(Grace Kennedy photo)

(Grace Kennedy photo)

Delta council approves 2019 financial plan

The 2019 budget is an estimated $332 million and includes a 2.99-per-cent property tax increase

  • Feb. 17, 2019 12:00 a.m.

City council has approved Delta’s 2019 financial plan, and with it a slew of capital projects and a nearly three-per-cent property tax increase.

On Monday night, Delta’s director of finance Karl Preuss gave council members an overview of the city’s upcoming expenses. For 2019, the City of Delta set a budget of roughly $332 million, of which $217 million is for operational costs, while $115 million is going to capital investments.

The operating plan includes the maintenance of city services and covering MSP fees for city employees following the provincial government’s decision to shift health coverage costs to employers. The Delta Families First program is also part of Delta’s operating costs and covers free admission to recreation centres for youth up to 18 years of age, the Baby Daze (which was previously run by the Fraser Health Authority) and giving Delta residents priority registration for the city’s recreation programs

A social and seniors service component is also part of the plan, and will pay for an additional seniors bus as well as support for families and people who are struggling with mental health issues and addiction, and “at-risk” youth.

Finally, a portion of the operating plan will pay for additional Delta police staff and operations at the new fire and emergency training facility at the Boundary Bay airport.

RELATED: Delta proposing nearly three-per-cent bump to property tax

The 2.99 per cent property increase applies only to the city’s portion of residents’ total property taxes, which based on the average residential property value in Delta — $946,000 — would be around $2,305. Including taxes levied for the province, schools, TransLink and “regional agencies,” Deltans can expect to pay on average around $3,658 in total property taxes.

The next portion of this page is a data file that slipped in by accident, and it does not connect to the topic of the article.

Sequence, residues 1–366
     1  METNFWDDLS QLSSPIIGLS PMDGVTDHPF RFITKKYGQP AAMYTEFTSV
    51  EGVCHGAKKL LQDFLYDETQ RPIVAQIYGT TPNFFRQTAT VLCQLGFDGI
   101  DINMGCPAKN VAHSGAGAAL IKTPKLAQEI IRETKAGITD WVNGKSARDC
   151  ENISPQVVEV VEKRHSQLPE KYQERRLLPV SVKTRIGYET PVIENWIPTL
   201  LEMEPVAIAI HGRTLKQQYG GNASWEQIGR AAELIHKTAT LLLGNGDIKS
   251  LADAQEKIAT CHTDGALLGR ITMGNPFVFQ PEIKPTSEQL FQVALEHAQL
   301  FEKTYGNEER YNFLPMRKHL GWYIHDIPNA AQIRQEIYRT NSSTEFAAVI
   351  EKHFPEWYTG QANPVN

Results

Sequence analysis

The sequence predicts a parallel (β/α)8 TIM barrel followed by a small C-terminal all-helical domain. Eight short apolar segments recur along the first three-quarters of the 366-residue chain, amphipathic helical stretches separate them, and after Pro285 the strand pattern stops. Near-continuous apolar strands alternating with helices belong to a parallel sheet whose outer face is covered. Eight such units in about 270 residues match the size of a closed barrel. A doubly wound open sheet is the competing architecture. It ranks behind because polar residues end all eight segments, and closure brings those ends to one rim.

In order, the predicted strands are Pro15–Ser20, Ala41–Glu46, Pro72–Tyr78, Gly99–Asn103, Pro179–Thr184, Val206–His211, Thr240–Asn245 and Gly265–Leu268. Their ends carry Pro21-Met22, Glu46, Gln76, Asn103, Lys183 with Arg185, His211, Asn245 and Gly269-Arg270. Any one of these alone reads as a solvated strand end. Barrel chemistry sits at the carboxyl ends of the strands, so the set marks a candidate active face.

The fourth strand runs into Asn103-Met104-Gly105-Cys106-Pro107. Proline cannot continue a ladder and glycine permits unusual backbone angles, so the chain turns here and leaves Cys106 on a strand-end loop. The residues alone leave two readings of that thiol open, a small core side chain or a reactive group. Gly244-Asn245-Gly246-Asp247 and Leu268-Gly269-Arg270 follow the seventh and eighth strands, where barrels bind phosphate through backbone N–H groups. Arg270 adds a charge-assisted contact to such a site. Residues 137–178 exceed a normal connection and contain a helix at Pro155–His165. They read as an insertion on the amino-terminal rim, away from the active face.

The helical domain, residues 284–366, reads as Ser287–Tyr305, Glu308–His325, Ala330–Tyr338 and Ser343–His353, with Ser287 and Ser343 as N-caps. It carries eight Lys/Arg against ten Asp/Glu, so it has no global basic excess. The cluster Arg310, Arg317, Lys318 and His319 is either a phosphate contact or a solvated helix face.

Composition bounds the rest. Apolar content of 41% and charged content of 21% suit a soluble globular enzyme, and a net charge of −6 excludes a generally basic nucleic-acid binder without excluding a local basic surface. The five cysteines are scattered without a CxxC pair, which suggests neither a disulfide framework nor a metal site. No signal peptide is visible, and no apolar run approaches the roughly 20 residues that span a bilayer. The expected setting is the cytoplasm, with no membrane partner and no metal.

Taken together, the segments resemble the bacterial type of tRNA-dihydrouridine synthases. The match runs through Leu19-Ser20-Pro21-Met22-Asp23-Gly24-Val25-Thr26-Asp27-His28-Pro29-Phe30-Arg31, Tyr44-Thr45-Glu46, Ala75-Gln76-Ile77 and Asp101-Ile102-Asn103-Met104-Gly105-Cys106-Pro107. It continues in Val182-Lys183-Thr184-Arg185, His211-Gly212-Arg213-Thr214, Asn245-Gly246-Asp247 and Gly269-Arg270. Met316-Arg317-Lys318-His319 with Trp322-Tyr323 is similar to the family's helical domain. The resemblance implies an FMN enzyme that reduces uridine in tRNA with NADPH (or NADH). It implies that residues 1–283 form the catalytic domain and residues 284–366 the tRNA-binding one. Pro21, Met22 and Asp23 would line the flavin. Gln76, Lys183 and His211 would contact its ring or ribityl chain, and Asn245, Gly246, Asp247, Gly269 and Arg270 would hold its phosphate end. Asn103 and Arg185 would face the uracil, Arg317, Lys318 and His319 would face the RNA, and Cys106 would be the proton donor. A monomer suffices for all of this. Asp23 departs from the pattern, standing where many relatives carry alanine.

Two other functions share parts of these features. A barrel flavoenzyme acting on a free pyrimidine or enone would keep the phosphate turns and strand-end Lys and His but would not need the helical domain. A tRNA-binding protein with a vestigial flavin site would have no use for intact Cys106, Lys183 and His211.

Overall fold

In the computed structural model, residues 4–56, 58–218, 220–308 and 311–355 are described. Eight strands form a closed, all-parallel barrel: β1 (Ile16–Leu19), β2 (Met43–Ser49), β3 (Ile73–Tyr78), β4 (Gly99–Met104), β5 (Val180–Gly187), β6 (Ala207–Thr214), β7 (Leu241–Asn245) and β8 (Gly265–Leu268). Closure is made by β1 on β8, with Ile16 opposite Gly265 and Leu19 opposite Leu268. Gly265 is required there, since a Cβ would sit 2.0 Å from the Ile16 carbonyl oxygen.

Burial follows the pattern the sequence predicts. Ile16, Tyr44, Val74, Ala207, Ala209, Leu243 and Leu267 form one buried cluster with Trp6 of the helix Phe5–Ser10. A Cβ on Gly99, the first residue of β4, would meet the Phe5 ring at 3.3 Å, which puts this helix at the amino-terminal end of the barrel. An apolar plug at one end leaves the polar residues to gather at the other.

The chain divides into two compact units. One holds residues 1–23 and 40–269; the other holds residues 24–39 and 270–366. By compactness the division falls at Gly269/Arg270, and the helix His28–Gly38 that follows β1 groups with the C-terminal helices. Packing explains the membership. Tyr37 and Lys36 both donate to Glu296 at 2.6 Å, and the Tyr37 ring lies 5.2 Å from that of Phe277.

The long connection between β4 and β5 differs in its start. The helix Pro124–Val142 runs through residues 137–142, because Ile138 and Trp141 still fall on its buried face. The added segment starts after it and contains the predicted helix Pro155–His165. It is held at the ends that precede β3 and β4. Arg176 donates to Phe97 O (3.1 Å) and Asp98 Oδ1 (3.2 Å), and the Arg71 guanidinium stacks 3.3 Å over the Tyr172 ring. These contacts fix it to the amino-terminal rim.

The increase is split into three parts: one per cent to fund community services, recreation and public safety; another per cent to pay the new tax; and the remaining 0.99 per cent earmarked for general city government services.

Preuss said that after all is said and done, the average Delta household should expect their property taxes to go up by about $100 over last year.

The capital plan includes a new sports track at North Delta Secondary School and a new synthetic turf field at Holly Park, Delta-wide road improvements, the new Delta Cultural Centre, as well as accessibility upgrades to the South Delta Recreation Centre.

For the period between 2020 and 2023, Deltans can expect property taxes to rise two per cent each year, which for the average home will be an expense of about $100 a year when utilities are included.

While council has approved the 2019 plan, the portion covering 2020 through to 2023 has only passed third reading and will have to pass council by May 15, 2019.

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North Delta Reporter